Sunday 20 August 2017

'Uncle Fat' the morbidly obese monkey placed on diet in Thailand after junk food binge

A wild obese macaque named
A wild obese macaque named "Uncle Fat," who was rescued from a Bangkok suburb, sits with bananas in a rehabilitation center in Bangkok, Thailand, Friday, May 19, 2017. The morbidly obese wild monkey, who gorged himself on junk food and soda from tourists, has been rescued and placed on a strict diet. (AP Photo/Sakchai Lalit)
Independent.ie Newsdesk

Independent.ie Newsdesk

A morbidly obese wild monkey who gorged himself on junk food and soft drinks left behind by tourists has been rescued and placed on a strict diet of lean protein, fruits and vegetables.

Wildlife officials caught the chunky monkey - nicknamed "Uncle Fat" by locals at a market in Bangkok - after photos of the animal started circulating on social media last month.

Wild monkeys roam free in many parts of Thailand, attracting tourists who feed and play with the animals. Most of the monkeys are macaques like Uncle Fat, and they typically weigh around 20lb.

Uncle Fat weighs three times that, tipping the scales at around 60lb.

A wild obese macaque, named
A wild obese macaque, named "Uncle Fat" who was rescued from a Bangkok suburb, sits in a rehabilitation center in Bangkok, Thailand, Friday, May 19, 2017. The morbidly obese wild monkey, who gorged himself on junk food and soda from tourists, has been rescued and placed on a strict diet. (AP Photo/Sakchai Lalit)

"It was not easy to catch him," said Kacha Phukem, the wildlife official who conducted the capture and rescue on April 27. "He was the leader of his pack, and when I tried to go in, I had to fight off a flock of them with sticks."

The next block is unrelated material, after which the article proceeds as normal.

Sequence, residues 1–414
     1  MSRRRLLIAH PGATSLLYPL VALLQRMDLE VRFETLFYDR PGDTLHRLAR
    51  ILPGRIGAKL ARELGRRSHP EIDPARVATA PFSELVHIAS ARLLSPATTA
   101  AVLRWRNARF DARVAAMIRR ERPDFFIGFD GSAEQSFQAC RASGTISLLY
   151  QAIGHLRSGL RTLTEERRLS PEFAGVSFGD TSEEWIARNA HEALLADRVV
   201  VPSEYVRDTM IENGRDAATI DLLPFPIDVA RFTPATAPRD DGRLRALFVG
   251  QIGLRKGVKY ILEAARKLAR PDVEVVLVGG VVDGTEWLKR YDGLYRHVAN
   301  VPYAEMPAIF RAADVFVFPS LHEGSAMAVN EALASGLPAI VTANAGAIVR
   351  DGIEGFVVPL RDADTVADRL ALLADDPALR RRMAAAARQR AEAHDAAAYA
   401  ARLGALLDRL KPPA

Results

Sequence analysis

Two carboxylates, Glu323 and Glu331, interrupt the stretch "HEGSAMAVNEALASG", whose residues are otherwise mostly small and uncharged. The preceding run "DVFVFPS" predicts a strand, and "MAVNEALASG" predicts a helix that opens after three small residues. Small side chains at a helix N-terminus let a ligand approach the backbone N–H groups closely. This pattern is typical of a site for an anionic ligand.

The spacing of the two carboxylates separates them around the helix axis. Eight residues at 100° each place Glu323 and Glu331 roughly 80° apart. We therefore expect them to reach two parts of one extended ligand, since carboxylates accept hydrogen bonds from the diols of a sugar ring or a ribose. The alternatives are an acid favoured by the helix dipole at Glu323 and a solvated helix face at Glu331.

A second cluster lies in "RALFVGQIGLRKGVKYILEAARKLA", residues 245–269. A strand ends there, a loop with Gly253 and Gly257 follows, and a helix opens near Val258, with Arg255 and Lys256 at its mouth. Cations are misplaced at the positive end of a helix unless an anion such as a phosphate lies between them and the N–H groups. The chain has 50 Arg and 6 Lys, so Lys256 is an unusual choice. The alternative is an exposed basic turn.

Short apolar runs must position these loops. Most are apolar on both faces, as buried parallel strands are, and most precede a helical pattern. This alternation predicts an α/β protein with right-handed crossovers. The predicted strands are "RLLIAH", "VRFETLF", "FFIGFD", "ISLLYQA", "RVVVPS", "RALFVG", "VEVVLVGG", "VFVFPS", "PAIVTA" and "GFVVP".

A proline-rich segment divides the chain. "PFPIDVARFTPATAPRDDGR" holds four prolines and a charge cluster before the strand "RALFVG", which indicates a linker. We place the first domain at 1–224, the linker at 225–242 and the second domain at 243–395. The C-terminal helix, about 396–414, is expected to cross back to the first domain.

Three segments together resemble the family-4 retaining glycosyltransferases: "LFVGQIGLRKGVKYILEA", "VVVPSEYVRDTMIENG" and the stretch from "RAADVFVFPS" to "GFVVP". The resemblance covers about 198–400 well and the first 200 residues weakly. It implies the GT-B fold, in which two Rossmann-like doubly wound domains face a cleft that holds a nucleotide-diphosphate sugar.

The subordinate monkeys fed into Uncle Fat's bad habits.

"He had minions and other monkeys bringing food for him but he would also redistribute it to younger monkeys," said Supakarn Kaewchot, a vet in charge of the monkey's diet. "He is now in a critical condition where there is a high-risk of heart disease and diabetes."

Uncle Fat is believed to be aged between 10 and 15. To help him lose weight, his new diet is limited to 14oz of lean protein, fruits and vegetables twice a day. Ms Supakarn said she hopes that within a few months they can consider releasing him into the wild.

She said Uncle Fat is an example of why people should not feed wild monkeys unhealthy food.

"I understand that people feel sorry for the monkeys and want to feed them when they see them. But please don't feed them food that people like to eat like snacks and soda. It is very bad for their health and the problem is entirely man-made."

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